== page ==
A photographer has captured an unlikely mother’s love between an owl and a duckling after the owl mistakenly hatched a wood duck’s egg as one of her own.
It might sound as though it has come straight from a fairy tale, but a photographer in Florida has captured the bizarre real-life partnership.
Laurie Wolf, from Jupiter, thought an eastern screech owl that lived in a nearby tree in her backyard had chicks of her own, known as owl hatchlings.
Upon closer look, it became clear the cute yellow bird peeking out, next to their nestmate, was a little duckling. The screech owl was raising as its own.
Laurie was surprised by her finding and contacted National Geographic and spoke to them about her discovery.
“The two of them were just sitting there side by side. It’s not believable. It’s not believable to me to this day.”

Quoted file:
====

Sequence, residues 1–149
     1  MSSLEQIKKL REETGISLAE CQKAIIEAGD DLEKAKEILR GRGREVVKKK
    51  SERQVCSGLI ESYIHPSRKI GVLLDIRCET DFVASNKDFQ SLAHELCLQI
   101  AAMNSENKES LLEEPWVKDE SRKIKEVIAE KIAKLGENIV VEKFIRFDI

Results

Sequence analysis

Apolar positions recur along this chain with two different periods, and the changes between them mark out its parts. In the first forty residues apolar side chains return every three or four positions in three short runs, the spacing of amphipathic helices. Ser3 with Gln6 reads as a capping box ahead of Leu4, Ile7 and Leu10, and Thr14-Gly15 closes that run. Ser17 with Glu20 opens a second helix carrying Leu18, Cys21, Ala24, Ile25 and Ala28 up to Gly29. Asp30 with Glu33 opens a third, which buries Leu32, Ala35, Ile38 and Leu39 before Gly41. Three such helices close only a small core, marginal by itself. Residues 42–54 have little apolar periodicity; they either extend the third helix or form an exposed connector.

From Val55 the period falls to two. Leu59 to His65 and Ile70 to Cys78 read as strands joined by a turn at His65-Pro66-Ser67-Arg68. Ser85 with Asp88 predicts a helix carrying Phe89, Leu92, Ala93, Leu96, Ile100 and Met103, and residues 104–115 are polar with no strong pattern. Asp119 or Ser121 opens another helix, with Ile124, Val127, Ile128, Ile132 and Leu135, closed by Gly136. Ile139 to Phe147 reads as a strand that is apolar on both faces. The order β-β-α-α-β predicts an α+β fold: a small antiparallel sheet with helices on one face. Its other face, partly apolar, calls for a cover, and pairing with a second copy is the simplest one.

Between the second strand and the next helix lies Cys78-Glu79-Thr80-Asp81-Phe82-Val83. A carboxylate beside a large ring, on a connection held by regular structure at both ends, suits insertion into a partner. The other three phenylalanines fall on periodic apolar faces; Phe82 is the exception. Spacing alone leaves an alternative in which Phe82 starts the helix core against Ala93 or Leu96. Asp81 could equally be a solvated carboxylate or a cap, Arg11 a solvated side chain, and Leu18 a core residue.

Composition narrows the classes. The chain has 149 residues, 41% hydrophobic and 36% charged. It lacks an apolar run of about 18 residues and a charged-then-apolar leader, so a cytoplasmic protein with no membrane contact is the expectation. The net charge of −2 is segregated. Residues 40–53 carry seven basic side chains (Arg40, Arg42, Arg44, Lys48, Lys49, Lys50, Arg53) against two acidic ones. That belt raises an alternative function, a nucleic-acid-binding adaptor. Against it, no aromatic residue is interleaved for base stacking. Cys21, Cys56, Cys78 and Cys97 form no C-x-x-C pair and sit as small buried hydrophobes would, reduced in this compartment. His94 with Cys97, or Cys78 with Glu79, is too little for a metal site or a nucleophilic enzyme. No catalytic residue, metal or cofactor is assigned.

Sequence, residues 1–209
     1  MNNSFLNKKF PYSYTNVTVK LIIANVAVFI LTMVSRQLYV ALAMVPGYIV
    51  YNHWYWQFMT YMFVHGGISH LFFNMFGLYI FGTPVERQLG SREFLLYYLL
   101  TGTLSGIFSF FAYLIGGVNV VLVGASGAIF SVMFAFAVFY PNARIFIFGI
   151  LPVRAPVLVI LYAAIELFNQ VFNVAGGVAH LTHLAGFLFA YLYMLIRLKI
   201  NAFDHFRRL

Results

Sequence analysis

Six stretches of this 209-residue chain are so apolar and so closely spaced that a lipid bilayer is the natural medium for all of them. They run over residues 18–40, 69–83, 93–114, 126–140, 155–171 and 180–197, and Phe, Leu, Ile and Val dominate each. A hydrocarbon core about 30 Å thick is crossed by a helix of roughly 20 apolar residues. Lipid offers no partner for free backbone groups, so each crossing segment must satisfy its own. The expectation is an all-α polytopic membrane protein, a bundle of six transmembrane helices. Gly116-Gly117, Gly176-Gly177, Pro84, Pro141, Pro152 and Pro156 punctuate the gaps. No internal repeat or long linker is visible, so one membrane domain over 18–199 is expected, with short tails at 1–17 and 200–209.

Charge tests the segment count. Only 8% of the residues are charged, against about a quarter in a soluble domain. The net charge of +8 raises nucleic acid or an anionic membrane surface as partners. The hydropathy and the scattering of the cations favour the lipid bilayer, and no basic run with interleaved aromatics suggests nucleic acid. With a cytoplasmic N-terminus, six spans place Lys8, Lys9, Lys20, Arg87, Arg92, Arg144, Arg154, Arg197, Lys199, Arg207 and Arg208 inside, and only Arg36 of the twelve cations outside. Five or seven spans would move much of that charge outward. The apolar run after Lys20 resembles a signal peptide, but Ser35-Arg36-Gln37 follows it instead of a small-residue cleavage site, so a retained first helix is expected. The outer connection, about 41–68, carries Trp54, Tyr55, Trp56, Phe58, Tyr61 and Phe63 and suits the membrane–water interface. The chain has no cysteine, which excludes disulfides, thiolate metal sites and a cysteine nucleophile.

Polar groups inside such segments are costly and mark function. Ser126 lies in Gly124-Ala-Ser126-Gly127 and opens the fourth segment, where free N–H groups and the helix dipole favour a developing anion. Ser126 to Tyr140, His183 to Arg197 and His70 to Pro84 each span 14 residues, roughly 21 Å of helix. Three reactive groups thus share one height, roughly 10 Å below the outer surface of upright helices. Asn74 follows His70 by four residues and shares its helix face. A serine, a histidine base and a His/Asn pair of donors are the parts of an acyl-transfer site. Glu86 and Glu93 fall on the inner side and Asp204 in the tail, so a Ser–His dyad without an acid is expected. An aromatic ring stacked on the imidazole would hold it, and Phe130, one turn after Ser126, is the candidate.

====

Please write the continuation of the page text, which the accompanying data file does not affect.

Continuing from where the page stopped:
“I don’t think I’ll ever experience anything like that in my life again.”
Worried that the predatory owl might eat the duck chick, Laurie contacted a bird expert who said she was right to be fearful.
A local wildlife sanctuary offered to look after the duckling if Laurie could catch it.
As she attempted to catch the bird, it jumped out of the nest and ran to a nearby pond. She never saw it again.
According to Christian Artuso, the Manitoba director of Bird Studies Canada, there are records of wood ducks living with eastern screech owls.
Artuso told National Geographic, ‘it’s not commonly documented, but it certainly happens,’ having observed a female owl who hatched three wood duck chicks in 2005.
Wood ducks practice ‘brood parasitism’—parent ducks sometimes lay eggs in other bird’s nests. They hope some eggs will hatch, and the genes will enter the next generation.
“You could think of it as not keeping all your eggs in one basket. If you spread your eggs out, then your chances of passing on your genes are increased slightly. Especially if you lose your own eggs to a predator.”
“We realize this happens. However, we truly don’t have the foggiest idea about the recurrence. So I was glad to see another case of this.”
He also thinks the duckling may have survived:
“Wood duck chicks are precocial, which means they are pretty independent of the get-go. There are also many documented cases of chicks from one brood joining up with those from another brood.”